41 "Why do you look at the speck of sawdust in your brother's eye and pay no attention to the plank in your own eye? 42 How can you say to your brother, 'Brother, let me take the speck out of your eye,' when you yourself fail to see the plank in your own eye? You hypocrite, first take the plank out of your eye, and then you will see clearly to remove the speck from your brother's eye.

A Tree and Its Fruit

43 "No good tree bears bad fruit, nor does a bad tree bear good fruit. 44Each tree is recognized by its own fruit. People do not pick figs from thornbushes, or grapes from briers. 45 The good man brings good things out of the good stored up in his heart, and the evil man brings evil things out of the evil stored up in his heart. For out of the overflow of his heart his mouth speaks.

Yes, it is all tied together again -- Not judging others, focusing on one's own faults, being able to forgive. With the hope that we may be good trees that bear good fruit.

I'm also thinking of the Lord's Prayer. The whole thing is a request to God except that there is one bit that refers to our own behavior -- "Forgive us our trespasses as we forgive the trespasses of others."

(Digression regarding my cats trespassing on the table and my desk. They never learn, really. Over and over, it seems to have become a game for them. And lately I have been suspecting that it isn't really about the warmth at all. I have begun to suspect that I don't give my cats enough attention. And bad attention is better than no attention. It is very hard not to forgive them when I think it is just that they are trying to get me to pay attention to them. So I have decided that I am not going to be so harsh in enforcing the boundary with my cats. I will still enforce the boundary. But I am not going to be so harsh anymore.)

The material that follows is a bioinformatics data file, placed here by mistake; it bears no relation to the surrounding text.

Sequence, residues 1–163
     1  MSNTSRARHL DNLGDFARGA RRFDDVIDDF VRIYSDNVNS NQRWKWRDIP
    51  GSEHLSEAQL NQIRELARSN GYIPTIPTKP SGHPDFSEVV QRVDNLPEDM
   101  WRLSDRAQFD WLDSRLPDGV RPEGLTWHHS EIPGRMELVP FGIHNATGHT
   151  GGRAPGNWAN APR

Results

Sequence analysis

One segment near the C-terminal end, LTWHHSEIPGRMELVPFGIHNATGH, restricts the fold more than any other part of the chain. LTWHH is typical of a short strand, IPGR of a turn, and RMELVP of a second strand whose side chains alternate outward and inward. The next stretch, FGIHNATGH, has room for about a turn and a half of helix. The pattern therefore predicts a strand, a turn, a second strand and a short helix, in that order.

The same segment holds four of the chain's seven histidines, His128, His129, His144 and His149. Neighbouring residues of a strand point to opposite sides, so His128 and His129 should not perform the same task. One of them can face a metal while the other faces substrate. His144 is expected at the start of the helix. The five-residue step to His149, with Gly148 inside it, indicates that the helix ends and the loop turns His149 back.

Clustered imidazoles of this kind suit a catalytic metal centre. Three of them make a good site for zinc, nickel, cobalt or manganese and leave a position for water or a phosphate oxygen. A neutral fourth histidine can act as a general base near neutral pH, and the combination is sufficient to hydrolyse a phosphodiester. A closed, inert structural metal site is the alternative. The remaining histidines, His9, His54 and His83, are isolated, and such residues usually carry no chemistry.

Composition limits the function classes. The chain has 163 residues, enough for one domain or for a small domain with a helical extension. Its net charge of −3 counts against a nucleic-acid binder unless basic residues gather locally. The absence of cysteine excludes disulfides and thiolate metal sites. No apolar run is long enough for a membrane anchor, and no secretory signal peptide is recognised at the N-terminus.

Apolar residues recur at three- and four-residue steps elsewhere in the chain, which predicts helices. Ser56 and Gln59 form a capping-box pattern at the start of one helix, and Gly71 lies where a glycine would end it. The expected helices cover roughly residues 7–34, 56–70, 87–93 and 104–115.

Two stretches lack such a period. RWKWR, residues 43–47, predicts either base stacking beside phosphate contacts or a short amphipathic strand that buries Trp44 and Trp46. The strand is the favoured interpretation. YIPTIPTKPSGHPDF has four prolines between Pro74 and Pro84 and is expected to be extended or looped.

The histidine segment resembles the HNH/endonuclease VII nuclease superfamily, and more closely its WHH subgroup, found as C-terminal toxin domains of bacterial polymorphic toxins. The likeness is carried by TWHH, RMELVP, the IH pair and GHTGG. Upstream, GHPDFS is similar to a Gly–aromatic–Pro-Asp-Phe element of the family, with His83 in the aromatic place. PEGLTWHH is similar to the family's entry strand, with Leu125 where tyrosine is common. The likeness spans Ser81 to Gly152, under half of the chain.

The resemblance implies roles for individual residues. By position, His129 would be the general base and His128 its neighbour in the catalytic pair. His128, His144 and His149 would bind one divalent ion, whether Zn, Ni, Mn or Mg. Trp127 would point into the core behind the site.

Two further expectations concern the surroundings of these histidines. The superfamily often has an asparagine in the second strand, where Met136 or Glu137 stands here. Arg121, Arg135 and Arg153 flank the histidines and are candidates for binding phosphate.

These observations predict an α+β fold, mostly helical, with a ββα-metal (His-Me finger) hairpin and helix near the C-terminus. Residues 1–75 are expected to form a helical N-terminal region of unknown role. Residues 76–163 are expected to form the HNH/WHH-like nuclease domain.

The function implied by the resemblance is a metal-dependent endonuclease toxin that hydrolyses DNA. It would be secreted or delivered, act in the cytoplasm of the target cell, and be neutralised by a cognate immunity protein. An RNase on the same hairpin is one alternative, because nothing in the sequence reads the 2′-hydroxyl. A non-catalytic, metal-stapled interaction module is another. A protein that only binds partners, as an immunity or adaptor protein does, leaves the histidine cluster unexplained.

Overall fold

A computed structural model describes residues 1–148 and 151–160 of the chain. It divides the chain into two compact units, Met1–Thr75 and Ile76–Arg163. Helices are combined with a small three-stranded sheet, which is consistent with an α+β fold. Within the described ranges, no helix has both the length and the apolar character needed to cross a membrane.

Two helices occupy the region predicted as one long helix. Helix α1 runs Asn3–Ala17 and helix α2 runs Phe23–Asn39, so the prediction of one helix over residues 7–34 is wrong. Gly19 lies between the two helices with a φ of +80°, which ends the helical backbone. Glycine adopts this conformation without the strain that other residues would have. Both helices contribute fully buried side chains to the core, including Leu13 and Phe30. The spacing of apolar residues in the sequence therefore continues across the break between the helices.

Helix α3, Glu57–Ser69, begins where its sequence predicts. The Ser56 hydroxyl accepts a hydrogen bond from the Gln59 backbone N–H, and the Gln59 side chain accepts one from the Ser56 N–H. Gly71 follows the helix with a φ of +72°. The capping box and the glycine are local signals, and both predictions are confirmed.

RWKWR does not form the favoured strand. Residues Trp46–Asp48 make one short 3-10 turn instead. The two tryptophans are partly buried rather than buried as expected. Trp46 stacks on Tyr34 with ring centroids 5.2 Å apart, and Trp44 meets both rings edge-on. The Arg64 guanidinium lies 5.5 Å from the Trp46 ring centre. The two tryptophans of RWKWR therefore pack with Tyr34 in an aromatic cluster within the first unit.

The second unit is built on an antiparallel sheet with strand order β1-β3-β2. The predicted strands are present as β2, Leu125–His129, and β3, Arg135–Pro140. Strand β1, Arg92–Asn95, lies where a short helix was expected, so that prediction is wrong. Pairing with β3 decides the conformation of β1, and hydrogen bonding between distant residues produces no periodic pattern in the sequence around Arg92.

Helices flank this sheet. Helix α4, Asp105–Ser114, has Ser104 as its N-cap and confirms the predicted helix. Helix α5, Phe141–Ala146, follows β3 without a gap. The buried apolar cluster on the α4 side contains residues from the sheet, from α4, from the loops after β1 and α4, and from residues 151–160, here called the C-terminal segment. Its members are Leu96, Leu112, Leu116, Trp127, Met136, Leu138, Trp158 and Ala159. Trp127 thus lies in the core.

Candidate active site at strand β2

Well, based on my reflections on my dream that brought me to Matthew 18:15-17, I did write apology letters. And based on my further reflections, I did ask for forgiveness and to be restored to relationship. And I did suggest a way of atonement. So, I am pretty resolved that I have taken all the appropriate actions from my side.

Now I am thinking of another quote from Matthew, the one about trying to resolve one's differences with the person, before asking forgiveness from God.

Matthew 5:21-24 (New International Version)

21"You have heard that it was said to the people long ago, 'Do not murder,[a] and anyone who murders will be subject to judgment.' 22But I tell you that anyone who is angry with his brother[b]will be subject to judgment. Again, anyone who says to his brother, 'Raca,[c]' is answerable to the Sanhedrin. But anyone who says, 'You fool!' will be in danger of the fire of hell.

23"Therefore, if you are offering your gift at the altar and there remember that your brother has something against you, 24leave your gift there in front of the altar. First go and be reconciled to your brother; then come and offer your gift.


1. Matthew 5:21 Exodus 20:13
2. Matthew 5:22 Some manuscripts brother without cause
3. Matthew 5:22 An Aramaic term of contempt

Well, I've attempted reconciliation in a variety of ways. And I am now in a position to give it to God.

Thursday, April 24, 2008

Christian Criticism Part 1 (Revised)

I was recently confronted by my own lack of skill when I am upset by something someone is doing. I have the tendency to share my criticism with others instead of the person with whom I am actually upset. I want to learn to handle my criticism more appropriately.

In a recent incident, I first thought I was in the right because my criticism was valid. I realized my own fault by working my dream:

My Cat Molly is Dying and I Need to Find Her

I am standing at the top looking down. There is a presentation going on on the floor below. I am at the top of the escalator. The chairs are set up on the floor below for a presentation. TC is there.